Amphibians eat pest insects, benefiting successful agriculture around the world and minimizing the spread of diseases, including malaria.

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    The skin of amphibians has substances that protect them from some microbes and viruses, offering possible medical cures for a variety of human diseases, including AIDS.

    Biologists refer to amphibians as the canary in the coal mine: They are among the first species to be affected by environmental stressors; so when they show declines in the wild, it serves as a warning to other species, including humans.

    Amphibians skin is highly permeable, allowing them to drink and breathe. Unfortunately, contaminants also readily enter the body, making amphibians an exceptional indicator of environmental quality. They are particularly sensitive to pollution, making them important sentinels to potential human threats.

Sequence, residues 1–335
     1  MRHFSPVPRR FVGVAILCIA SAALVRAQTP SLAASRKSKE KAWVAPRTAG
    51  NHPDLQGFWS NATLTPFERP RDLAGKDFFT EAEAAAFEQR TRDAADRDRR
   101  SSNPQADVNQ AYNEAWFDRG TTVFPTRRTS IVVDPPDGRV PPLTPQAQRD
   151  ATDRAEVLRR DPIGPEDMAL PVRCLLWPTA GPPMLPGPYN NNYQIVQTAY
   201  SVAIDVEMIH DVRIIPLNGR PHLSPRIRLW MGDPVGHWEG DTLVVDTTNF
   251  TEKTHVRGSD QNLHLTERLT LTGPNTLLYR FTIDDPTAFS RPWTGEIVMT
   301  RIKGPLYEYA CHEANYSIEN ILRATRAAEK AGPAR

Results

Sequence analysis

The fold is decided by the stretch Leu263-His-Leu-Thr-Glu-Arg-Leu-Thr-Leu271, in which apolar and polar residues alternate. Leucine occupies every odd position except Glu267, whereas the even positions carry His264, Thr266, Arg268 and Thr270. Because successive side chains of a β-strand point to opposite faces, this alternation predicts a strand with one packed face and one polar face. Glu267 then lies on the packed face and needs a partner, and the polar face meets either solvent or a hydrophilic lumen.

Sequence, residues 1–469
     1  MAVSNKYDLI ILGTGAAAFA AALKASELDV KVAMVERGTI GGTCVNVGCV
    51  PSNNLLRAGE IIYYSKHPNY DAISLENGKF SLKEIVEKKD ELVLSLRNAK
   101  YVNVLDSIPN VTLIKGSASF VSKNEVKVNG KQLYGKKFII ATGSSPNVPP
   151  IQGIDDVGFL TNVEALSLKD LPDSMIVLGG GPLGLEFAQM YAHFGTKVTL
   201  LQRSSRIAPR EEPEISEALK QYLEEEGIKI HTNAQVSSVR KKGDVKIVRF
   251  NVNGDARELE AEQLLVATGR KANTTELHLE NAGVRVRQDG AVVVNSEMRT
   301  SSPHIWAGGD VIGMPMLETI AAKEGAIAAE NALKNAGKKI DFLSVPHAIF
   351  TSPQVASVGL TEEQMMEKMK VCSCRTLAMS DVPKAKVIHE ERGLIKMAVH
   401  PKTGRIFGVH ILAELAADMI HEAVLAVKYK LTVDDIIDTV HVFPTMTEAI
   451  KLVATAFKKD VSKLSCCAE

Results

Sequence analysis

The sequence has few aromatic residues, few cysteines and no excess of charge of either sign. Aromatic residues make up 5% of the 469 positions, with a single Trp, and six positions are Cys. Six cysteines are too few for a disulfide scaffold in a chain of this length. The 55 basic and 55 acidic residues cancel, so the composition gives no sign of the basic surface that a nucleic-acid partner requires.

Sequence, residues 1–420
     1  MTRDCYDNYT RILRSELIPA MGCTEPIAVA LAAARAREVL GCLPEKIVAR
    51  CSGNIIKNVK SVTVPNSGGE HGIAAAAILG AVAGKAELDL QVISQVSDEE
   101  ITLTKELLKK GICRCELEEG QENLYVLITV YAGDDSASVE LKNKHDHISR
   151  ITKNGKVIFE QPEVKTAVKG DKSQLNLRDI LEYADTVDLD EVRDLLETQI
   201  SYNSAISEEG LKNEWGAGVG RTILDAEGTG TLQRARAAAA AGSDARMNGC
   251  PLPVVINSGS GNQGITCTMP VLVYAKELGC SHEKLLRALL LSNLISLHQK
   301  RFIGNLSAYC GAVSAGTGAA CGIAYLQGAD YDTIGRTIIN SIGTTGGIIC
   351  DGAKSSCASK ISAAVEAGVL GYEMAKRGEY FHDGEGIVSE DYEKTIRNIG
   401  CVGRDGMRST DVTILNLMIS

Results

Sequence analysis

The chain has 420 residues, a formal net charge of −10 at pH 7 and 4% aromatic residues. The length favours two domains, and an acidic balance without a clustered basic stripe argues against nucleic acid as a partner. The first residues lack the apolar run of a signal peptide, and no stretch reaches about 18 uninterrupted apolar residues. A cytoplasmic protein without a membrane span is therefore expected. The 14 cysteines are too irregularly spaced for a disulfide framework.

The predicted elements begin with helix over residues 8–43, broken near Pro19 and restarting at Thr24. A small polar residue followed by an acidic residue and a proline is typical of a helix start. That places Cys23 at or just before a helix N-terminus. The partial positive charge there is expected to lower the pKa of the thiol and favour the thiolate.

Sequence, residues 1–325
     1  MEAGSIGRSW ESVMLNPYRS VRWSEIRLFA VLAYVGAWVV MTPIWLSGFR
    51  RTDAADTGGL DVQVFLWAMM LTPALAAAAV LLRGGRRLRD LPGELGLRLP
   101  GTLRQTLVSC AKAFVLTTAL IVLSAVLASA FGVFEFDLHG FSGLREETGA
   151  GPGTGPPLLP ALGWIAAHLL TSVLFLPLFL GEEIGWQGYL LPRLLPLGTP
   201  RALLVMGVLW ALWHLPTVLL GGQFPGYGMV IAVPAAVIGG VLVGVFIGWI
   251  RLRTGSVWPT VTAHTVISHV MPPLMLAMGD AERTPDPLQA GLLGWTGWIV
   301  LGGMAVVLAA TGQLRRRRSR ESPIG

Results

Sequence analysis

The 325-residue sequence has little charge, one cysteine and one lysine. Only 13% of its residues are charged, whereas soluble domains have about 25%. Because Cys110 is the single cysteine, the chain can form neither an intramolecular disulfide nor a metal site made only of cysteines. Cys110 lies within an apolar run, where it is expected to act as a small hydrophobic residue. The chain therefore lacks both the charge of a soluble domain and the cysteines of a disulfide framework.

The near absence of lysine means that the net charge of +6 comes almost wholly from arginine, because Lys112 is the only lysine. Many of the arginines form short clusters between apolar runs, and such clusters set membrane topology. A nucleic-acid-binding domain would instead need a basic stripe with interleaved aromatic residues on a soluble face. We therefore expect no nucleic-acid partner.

Frogs have had a special place in various human cultures for centuries, cherished as agents of life and good luck.

    The Problem After thriving for over 360 million years, 1/3 to 1/2 of the worlds approximately 6,000 known amphibian species could go extinct in our lifetime.

    Earth is facing the single largest mass extinction since the disappearance of dinosaurs.

    The Reason Amphibians are severely affected by habitat loss, climate change, pollution and pesticides, introduced species, and over-collection for food and pets. While habitat destruction is the major threat, the most immediate cause is a parasitic fungus called amphibian chytrid, a disease that is deadly to hundreds of amphibian species and has quickly spread from Africa across the planet over the past 30-40 years. Global climate change may have exacerbated the problem.

    Amphibian chytrid was discovered a decade ago and since then dozens of frog species have gone extinct because of it.

    Since the 1930s, African clawed frogs (likely resistant carriers of the fungus) have been shipped around the world by the thousands for human pregnancy tests and lab studies, spreading the disease worldwide. Recently, the food and pet trade may have contributed to the problem as well.

    Amphibian chytrid is currently unstoppable and